So I have MX-5 and Mini Cooper Convertible left as the remaining choices. They cost about the same. Intellectually, the Mazda gives you much more of a car than the Mini. It’s a widely acclaimed, pure-bred roadster that is in every way quicker than a 1.6 Cooper. But somehow it doesn’t excite me. Perhaps it’s because the automatic car pales in comparison to my previous Z4 in terms of performance and vanity. Or perhaps the interior is too dull (as a result of weight reduction?).
On the other spectrum, the Mini is honestly slow. I think it may be because the Mini isn’t really mini. At its size, I don’t understand why it needs to weight more than the MX-5. Furthermore, for a 1.6 liter car, the price is absurd.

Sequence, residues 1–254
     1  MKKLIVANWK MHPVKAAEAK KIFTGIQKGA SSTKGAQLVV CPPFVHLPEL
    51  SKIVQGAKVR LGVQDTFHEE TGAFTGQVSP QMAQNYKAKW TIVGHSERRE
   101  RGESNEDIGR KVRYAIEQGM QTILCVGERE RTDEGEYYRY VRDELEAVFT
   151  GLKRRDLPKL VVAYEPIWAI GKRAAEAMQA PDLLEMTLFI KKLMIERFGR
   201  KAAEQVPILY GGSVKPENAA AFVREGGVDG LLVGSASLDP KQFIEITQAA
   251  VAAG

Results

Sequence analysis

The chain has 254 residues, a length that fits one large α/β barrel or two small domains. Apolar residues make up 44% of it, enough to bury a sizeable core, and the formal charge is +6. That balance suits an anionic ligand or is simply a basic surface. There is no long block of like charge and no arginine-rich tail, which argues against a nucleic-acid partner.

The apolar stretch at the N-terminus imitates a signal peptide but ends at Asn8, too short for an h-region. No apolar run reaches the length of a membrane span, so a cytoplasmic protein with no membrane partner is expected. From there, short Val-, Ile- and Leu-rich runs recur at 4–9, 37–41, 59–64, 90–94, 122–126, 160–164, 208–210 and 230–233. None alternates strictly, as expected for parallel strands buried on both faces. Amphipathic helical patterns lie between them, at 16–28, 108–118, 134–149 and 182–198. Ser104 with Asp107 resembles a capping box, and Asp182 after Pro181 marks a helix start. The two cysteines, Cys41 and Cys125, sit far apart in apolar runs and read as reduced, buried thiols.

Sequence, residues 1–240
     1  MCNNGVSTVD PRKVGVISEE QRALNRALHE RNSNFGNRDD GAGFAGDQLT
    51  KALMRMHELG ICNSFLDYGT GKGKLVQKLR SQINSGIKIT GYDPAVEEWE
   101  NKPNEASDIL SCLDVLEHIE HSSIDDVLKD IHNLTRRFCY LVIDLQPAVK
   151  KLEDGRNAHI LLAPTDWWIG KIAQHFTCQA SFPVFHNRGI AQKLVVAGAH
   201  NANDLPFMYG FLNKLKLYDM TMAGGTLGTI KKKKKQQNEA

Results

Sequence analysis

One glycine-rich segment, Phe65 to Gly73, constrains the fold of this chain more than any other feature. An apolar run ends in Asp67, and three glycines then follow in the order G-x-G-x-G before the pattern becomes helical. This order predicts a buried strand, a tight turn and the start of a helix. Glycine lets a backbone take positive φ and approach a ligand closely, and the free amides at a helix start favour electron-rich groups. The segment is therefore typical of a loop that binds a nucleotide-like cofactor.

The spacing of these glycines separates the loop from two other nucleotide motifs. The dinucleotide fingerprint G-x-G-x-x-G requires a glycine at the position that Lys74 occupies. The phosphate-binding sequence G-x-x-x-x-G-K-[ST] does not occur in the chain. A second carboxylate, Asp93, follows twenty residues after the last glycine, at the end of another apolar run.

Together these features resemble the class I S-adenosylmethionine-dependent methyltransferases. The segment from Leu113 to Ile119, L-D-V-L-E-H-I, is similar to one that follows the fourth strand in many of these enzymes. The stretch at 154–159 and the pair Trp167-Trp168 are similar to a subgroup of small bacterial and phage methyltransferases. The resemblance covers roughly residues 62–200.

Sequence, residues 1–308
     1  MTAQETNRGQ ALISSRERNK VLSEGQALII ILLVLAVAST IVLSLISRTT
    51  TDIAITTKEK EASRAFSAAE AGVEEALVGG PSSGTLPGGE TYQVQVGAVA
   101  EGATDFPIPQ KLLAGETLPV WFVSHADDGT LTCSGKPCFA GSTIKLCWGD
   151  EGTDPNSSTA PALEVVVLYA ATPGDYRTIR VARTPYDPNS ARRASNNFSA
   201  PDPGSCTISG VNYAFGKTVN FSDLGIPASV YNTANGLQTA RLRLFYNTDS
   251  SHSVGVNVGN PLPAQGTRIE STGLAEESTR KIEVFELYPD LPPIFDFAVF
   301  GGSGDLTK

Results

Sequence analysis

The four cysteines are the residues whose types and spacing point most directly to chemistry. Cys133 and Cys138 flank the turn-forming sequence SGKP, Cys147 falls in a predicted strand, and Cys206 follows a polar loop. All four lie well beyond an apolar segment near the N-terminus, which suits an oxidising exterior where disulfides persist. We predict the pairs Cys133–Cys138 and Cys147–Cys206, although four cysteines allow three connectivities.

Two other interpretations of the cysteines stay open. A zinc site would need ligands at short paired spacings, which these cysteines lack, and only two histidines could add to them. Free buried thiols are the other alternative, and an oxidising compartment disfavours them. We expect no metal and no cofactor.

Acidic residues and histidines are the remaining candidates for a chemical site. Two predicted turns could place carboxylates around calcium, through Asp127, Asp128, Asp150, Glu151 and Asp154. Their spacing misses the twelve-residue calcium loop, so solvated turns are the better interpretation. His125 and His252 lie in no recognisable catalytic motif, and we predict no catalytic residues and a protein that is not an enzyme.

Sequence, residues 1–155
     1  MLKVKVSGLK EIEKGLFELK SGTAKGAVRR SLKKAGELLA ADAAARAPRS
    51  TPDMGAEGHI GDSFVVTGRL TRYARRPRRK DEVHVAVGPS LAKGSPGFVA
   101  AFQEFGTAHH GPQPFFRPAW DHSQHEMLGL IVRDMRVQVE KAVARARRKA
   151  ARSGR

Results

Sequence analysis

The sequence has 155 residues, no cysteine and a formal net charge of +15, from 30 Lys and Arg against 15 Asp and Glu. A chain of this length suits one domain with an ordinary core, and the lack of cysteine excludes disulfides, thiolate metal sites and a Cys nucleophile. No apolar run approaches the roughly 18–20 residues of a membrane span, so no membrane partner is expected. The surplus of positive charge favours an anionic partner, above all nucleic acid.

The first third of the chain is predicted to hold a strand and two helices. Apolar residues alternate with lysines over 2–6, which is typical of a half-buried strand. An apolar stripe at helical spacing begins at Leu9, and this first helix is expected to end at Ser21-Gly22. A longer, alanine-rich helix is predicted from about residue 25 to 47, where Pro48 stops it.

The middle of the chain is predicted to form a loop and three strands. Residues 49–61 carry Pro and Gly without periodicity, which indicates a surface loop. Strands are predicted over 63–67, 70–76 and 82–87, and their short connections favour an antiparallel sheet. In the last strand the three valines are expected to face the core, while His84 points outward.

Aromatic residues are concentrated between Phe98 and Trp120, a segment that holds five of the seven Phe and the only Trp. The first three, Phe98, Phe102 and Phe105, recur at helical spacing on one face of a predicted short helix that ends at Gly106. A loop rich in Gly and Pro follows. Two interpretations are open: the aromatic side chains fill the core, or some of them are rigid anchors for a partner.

Yet somehow the Mini Cooper Convertible puts a smile on me for no apparent reasons. Like the Smart, It makes me care not about the speed any more. I must be mad. I still don’t know which convertible to go for. I am waiting for the psychiatric analysis to understand why I like the Mini.
By the way, the uncle gave an evil laugh and refused to sell me back my old Z4. The best in Malaysia.